Despite signs of stabilisation in a few indicators, there remains a degree of spare capacity in the labour market. The unemployment rate is around its highest level since the early 2000s, and above the level that statistical estimates suggest would be consistent with stable domestic inflationary pressures.[2] The participation rate is around its lowest level in the past eight years and average hours worked have declined a little in recent years. Consistent with this, cyclically sensitive components of unemployment, such as the medium-term unemployment rate and involuntary unemployment, have also increased (Graph 3.18). These provide some signal about the degree of spare capacity and account for much of the increase in the unemployment rate over the past few years. The youth unemployment rate, which is also sensitive to the business cycle, has increased by a bit more relative to the aggregate unemployment rate than it has in previous episodes. The employment-to-population ratio and participation rate for this age group have also fallen significantly in the current episode, alongside an increase in the proportion of young people attending full-time education. Long-term unemployment, which is likely to reflect more structural or enduring influences on unemployment, has increased since the beginning of 2013.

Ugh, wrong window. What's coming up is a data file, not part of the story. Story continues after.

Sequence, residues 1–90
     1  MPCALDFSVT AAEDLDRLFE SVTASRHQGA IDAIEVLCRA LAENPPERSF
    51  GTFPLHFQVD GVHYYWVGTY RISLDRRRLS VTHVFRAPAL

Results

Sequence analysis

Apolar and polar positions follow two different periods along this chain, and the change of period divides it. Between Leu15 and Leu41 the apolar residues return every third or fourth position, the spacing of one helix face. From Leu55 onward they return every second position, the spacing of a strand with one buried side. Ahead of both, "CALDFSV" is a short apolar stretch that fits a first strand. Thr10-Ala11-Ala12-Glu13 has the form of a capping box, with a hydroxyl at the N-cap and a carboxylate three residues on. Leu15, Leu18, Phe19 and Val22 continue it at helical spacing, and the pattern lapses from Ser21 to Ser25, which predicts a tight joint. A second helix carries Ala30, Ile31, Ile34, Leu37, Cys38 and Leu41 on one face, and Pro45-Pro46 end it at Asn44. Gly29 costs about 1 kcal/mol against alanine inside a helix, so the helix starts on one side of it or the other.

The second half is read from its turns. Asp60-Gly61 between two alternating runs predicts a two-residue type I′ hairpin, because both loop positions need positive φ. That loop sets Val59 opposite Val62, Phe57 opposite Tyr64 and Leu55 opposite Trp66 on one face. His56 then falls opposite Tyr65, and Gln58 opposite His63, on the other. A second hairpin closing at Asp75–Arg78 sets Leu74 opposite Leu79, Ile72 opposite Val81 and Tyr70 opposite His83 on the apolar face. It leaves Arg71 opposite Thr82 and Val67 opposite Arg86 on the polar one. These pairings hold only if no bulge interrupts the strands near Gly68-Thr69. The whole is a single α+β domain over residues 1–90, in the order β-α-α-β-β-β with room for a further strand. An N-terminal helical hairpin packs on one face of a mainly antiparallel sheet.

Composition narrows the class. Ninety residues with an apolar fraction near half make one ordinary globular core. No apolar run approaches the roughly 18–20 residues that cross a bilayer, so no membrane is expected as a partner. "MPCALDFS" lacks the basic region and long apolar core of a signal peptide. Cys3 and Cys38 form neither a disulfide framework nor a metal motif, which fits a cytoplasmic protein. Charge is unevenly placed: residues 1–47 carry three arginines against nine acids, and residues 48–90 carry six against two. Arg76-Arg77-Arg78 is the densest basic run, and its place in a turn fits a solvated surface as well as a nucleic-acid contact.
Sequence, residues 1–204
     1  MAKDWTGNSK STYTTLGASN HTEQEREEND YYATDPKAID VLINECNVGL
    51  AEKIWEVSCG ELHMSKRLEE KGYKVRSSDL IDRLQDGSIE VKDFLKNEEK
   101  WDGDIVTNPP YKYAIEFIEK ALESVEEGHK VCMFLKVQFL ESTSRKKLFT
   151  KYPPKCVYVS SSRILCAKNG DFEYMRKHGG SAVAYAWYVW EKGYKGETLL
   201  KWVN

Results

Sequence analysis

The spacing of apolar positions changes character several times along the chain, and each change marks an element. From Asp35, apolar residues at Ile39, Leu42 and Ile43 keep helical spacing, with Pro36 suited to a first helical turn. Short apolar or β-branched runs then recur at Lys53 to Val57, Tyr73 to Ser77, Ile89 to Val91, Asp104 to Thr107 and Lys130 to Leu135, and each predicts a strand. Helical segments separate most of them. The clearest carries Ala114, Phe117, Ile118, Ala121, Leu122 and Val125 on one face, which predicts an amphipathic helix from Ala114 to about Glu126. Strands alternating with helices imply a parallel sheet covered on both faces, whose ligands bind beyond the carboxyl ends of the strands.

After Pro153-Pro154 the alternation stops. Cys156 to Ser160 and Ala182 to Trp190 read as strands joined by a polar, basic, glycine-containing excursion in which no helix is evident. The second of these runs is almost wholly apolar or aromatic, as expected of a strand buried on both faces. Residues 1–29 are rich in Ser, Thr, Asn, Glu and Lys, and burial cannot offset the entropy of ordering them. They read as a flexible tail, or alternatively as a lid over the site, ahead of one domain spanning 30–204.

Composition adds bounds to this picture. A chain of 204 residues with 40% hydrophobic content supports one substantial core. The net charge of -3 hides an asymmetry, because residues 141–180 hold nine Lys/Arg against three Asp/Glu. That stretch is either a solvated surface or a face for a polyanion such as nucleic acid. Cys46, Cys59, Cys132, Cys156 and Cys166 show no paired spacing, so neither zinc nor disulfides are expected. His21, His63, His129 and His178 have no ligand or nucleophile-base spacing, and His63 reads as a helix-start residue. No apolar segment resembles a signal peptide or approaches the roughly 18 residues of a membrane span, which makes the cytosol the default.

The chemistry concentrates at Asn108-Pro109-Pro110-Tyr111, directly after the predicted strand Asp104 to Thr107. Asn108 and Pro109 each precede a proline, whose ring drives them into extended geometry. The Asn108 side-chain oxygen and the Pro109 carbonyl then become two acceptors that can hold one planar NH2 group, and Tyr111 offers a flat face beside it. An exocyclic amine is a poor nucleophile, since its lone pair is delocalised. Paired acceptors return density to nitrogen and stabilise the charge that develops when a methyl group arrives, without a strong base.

The change in the composition of economic activity away from the resources sector has been apparent in employment outcomes in recent quarters. Mining employment appears to have declined somewhat recently (Graph 3.19). Lower demand for construction workers in the resources sector appears to have been more than offset by increases in demand from other sources of construction employment. Hence, overall construction employment has increased since the beginning of the year, particularly in New South Wales, consistent with growth in construction activity. Liaison suggests that construction employment is likely to increase further over the year ahead. Meanwhile, business services employment has recovered to be close to its historical peak. Employment in household-focused industries has also increased. The household services sector has continued to experience strong employment growth, driven by the health and education industries. Employment in retail and wholesale trade has picked up. Alongside the changing patterns of labour demand across industries and regions, there has been a shift in the pattern of population growth at the state level. Both net overseas immigration and net interstate immigration have picked up in New South Wales and Victoria. In contrast, the pace of population growth has slowed from high levels in the resource-intensive states of Western Australia and Queensland.


The 2013/14 annual national accounts contain the most recent data on GDP. The June quarter 2014 national accounts, which were released prior to the annual national accounts, contain the most recent data on quarterly movements in GDP. [1]

More detail is contained in Ballantyne A, D De Voss and D Jacobs (2014), ‘Unemployment and Spare Capacity in the Labour Market’, RBA Bulletin, September, pp 7–20. [2]